Tracking my efforts to beat Myalgic Encephalomyelitis (ME), aka CFIDS, aka CFS

Tracking my efforts to beat Myalgic Encephalomyelitis (ME), aka CFIDS, aka CFS

Sunday, December 18, 2011


Internet information on ME is wildly inconsistent, reflecting the underfunded state of ME research.  Sites with outdated theories about ME outrank those with updated information.  But, perhaps the most confusing topic is ME prognosis.  For those of us who are relatively new to this condition, we'd like to know, "what are my chances of getting well again?"   Well, here's why it's so frustrating to try to find an answer to that question:

1.  Some websites, such as this, claim that as much as 50% of ME sufferers recover.  But even if true, it raises the question, what is meant by "recovery."  Clearly this article isn't referring to full recovery.  I am already more or less "functional," but I'd like to know if I'll be able to exercise again, travel to foreign countries again, coach my kids in sports, and other high-energy activities.

2.  Other studies show recovery rates of as little as 5%.  What? 

3.  My doctor (an ME specialist) says there is no "cure" per se, but sustained remission is possible.  As long as "sustained" means "years at a time," and "remission" means "full return to normal activities," I'll take it!  But, he didn't exactly say that.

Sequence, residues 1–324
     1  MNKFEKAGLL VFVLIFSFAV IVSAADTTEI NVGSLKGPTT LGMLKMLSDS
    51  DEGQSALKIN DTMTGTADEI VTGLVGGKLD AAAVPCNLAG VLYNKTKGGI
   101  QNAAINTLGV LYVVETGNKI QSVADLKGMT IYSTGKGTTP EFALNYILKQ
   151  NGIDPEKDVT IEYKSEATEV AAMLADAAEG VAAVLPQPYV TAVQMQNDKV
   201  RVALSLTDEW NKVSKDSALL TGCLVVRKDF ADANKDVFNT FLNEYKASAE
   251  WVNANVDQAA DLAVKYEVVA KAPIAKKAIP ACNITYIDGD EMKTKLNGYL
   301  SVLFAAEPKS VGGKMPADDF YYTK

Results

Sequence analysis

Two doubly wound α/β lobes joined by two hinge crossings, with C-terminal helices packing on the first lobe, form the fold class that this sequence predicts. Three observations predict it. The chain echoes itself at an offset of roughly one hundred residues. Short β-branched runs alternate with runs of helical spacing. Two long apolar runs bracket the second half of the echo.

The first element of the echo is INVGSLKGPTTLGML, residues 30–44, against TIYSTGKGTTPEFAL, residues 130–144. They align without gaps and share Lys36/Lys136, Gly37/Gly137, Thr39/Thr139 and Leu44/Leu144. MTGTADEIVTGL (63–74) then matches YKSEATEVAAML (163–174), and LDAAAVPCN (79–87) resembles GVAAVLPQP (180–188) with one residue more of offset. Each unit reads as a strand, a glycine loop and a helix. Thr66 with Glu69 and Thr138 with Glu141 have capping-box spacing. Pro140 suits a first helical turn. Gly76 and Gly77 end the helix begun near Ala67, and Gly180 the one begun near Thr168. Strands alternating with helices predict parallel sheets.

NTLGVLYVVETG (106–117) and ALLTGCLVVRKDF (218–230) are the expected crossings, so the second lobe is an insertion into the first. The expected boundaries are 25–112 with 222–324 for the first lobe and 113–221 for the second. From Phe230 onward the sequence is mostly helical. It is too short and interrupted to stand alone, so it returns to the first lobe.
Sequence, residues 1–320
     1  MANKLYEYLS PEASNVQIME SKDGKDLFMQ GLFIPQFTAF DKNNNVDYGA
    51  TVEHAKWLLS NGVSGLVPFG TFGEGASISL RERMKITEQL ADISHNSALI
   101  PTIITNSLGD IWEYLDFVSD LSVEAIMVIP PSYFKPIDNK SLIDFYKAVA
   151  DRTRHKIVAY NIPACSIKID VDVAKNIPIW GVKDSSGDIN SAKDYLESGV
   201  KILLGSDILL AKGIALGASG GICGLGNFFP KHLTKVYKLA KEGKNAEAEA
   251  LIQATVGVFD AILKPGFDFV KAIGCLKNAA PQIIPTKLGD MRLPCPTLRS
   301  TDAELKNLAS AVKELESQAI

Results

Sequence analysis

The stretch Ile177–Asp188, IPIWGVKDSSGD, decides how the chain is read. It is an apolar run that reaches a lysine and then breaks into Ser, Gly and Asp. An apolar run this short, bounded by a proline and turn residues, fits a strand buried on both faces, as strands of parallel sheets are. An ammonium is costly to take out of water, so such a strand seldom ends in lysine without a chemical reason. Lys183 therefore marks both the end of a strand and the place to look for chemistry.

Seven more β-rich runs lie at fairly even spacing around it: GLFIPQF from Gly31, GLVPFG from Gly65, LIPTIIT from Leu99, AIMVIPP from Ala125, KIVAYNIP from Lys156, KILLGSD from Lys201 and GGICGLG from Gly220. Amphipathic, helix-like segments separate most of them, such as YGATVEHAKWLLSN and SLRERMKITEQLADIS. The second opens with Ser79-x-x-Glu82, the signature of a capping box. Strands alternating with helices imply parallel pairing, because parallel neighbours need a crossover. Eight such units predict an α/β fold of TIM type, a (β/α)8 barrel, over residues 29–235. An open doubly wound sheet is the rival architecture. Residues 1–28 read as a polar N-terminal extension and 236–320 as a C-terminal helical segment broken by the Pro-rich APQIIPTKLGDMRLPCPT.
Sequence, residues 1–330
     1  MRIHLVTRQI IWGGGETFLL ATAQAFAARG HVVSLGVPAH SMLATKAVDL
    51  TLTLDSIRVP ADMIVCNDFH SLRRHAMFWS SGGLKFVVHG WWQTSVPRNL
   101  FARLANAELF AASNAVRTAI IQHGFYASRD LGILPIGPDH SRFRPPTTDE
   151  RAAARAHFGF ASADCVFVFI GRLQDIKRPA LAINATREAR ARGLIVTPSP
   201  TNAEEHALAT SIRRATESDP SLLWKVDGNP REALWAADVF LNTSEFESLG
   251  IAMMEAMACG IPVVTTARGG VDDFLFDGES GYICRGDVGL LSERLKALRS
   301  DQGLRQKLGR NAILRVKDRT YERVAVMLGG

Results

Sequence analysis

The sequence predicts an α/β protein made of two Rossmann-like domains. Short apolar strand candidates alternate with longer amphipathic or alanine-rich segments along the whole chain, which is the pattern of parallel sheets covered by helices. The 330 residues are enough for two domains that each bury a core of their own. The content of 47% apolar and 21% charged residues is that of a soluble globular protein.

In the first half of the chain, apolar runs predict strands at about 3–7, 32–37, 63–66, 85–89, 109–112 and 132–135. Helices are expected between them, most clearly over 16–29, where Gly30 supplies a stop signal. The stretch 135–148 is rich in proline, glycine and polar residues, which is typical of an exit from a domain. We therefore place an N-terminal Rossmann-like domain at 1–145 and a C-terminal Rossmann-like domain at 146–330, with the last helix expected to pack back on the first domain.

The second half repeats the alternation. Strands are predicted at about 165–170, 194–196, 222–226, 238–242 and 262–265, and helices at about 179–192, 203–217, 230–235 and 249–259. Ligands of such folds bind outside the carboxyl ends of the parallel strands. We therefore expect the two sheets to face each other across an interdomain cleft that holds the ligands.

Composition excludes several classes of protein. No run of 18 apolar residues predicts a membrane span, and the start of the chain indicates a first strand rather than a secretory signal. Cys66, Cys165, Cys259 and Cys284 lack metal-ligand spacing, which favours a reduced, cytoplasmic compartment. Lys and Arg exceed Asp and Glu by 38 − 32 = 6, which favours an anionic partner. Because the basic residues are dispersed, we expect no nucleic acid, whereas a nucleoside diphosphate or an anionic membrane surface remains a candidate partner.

4.  The CFS message boards are full of people who have had CFS for years or decades.   At the same time, the message boards are completely devoid of people who have successfully recovered from CFS.  Is recovery that rare, or do people move on with their lives after recovery?

5.  Anecdotally, I read a book called Recovery from CFS: 50 Stories.  Upon buying the book, I thought, "Great.  Now I know of at least 50 people who have recovered.  That's...something."  But, after reading the book, it's not clear that all of the authors truly had CFS.  One gentleman, for instance, claimed to have recovered after renouncing a centuries-old masonic curse!  'Nuff said.

6.  Also anecdotally, I personally know of at least 3 people who were diagnosed with CFS and have recovered.

7.  [7/30/12 update:  This website says that, of those who recovery, most recover in the 3 to 6 year range.]

So, I'm left with the vague impression that my chances of long-term remission are probably somewhere between 5 and 50%.  I prefer to think they are closer to 50% because I am relatively young, in-shape (other than the CFS), aggressively seeking treatment, and my case has been relatively mild, so far.  Based on this list of factors, it would seem that I stand the best chance of recovery.


  1. If you want to know the name of somebody who has recovered, do a Google search for Bruce Campbell and CFIDS. He runs self-help groups over the Internet. He doesn't say he can cure you, but your ride on the CFIDS roller-coaster may become smoother.